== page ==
Modifying The Existing Sails…

Budgets and unproven ideas being what they are, I decided to modify Discovery’s admittedly old and out of shape sails for the 2013 Everglades Challenge.  New sails would have been great, and there is a friendly member of the AMF Puffer Yahoo Group who has a new set for sale, but I figured that I’d be able to best decide where to put the reef points and such on the old sail first, and then acquire a new one to my specs.  Also, I needed to convert the jib to roller furling.  Fortunately, since I already had a Harken furler on Clarity that I could borrow, the costs for that conversion would be minimal.

For the mainsail, I chose my reefing depths, laid out reinforcements with heavy duty sail tape, and inserted grommets for the tack hook, reefing ties, and clew lines.  Note that two reefs are required for the Everglades Challenge, so two sets are installed!

I also inspected and taped any potential weak areas of the sail, added a grommet just above the existing tack grommet (just in case of failure) and will likely add two small grommets by each tack and clew reefing grommet to aid in lashing in case of gooseneck, outhaul, or outright boom failure.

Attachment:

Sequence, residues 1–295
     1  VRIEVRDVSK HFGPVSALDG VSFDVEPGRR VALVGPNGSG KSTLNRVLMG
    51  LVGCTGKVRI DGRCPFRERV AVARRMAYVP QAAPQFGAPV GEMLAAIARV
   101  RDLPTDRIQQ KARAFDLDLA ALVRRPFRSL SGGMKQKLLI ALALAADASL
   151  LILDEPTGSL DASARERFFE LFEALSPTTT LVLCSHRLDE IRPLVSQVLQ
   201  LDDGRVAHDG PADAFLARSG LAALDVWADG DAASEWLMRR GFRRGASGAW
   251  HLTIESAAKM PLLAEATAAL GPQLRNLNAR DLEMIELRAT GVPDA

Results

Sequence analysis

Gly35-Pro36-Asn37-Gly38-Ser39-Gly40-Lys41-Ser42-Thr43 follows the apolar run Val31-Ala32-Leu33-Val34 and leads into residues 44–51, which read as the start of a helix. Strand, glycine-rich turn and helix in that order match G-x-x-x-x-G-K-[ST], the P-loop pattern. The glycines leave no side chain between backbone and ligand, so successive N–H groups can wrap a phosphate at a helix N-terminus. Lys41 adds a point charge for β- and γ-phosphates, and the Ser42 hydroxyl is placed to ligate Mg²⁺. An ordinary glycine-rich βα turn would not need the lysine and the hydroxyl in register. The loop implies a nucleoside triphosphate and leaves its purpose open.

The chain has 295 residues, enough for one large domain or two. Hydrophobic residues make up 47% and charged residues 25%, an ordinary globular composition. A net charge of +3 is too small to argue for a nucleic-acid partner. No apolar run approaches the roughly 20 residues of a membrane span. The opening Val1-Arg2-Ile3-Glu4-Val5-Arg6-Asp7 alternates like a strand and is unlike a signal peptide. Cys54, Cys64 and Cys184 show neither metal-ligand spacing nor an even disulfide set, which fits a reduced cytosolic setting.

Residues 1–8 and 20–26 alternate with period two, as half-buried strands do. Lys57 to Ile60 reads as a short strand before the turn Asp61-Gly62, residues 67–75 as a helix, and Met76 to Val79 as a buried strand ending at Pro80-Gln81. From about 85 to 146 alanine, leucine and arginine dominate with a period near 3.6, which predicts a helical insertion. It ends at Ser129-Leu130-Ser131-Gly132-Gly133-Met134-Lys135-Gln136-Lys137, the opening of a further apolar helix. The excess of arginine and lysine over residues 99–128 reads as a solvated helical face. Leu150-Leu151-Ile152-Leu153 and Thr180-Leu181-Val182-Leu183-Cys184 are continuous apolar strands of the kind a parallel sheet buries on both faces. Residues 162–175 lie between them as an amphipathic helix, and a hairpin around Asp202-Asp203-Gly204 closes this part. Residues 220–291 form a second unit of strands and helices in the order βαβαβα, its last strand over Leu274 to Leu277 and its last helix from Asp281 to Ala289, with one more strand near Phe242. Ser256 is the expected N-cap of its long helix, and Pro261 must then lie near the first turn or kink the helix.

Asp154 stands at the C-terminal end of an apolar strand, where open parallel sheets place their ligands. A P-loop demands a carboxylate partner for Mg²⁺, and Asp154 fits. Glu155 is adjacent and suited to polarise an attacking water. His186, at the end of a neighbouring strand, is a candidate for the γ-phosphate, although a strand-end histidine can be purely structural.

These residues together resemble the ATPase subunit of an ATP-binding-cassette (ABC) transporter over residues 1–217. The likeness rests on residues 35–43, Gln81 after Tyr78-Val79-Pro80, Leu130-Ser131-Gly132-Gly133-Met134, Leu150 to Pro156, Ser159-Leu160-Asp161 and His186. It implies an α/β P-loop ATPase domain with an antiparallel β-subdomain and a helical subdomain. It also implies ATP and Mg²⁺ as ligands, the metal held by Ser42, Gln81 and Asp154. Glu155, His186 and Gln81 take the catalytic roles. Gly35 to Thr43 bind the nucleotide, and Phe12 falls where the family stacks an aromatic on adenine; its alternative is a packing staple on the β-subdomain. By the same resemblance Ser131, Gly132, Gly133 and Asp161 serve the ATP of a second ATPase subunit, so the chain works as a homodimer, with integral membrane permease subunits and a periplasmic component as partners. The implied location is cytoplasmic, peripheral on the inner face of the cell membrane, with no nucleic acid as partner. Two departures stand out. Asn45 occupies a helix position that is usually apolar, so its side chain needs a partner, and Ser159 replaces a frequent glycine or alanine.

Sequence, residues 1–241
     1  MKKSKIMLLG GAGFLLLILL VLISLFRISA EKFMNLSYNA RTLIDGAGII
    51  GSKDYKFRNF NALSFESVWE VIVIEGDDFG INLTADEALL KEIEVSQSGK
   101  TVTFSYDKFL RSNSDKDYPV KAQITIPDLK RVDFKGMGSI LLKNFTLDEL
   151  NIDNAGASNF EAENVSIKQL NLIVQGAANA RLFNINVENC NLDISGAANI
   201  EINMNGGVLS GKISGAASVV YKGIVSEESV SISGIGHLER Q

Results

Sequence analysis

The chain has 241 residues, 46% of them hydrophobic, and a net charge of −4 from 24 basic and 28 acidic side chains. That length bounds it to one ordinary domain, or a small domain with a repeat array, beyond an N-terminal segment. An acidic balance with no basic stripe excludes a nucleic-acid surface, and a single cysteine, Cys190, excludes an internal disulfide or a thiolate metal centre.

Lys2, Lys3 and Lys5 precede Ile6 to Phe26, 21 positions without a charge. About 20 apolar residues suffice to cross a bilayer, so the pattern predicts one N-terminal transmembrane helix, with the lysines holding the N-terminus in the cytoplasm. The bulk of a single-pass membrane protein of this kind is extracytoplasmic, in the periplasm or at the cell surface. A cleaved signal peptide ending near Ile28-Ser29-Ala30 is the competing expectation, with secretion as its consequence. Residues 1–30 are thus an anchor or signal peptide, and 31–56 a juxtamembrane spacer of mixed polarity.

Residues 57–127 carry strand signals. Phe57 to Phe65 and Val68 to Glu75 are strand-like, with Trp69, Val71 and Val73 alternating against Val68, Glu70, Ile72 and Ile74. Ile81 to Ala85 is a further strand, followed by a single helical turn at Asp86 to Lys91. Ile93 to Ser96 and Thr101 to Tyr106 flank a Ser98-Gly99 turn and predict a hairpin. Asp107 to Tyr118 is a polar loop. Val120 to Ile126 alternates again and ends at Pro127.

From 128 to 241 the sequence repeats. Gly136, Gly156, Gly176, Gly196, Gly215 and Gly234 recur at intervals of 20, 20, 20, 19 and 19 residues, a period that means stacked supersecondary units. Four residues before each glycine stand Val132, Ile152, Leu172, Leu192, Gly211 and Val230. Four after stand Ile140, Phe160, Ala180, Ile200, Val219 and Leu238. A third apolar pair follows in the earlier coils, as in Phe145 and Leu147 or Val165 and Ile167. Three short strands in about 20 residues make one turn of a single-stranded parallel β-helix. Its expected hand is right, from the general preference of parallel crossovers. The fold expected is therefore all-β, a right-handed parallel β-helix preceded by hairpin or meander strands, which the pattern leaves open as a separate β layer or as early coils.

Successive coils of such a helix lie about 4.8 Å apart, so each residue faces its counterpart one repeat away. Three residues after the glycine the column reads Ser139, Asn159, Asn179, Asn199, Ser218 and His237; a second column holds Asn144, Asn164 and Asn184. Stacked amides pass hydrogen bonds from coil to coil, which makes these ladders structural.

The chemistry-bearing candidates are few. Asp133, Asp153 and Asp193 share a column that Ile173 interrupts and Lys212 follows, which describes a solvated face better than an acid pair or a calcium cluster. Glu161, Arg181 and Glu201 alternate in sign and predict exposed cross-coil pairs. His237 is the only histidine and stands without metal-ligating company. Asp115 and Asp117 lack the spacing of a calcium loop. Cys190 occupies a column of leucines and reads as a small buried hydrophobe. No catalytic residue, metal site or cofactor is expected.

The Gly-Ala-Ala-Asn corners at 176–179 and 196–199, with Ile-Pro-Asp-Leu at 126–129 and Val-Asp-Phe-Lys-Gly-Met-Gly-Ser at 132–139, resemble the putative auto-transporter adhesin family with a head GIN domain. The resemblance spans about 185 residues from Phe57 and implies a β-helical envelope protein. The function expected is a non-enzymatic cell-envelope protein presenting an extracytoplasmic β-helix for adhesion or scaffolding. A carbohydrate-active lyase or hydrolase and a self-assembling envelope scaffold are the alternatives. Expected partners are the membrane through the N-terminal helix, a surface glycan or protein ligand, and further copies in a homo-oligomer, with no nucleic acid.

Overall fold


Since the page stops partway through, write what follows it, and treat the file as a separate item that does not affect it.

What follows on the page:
The jib modification consisted of adding a luff wire strong enough to replace the existing forestay, and coming up with a way to secure the jib to it, and maintain luff tension.  I used 1/8″ 7×19 stainless wire, replacing the 3/32″ 1×19 forestay, and came up with an elegant, simple, and strong way to tension the sail: As I made an eye in each end of the forestay, I left the tail end of the wire sticking out, and I put a second eye on each tail.  Those eyes are connected to the tack and head of the jib, and the tack is laced for tension adjustment.  The pictures below should make this a bit more clear.  I seized the sail onto the wire every 2 feet or so, and she works wonderfully!

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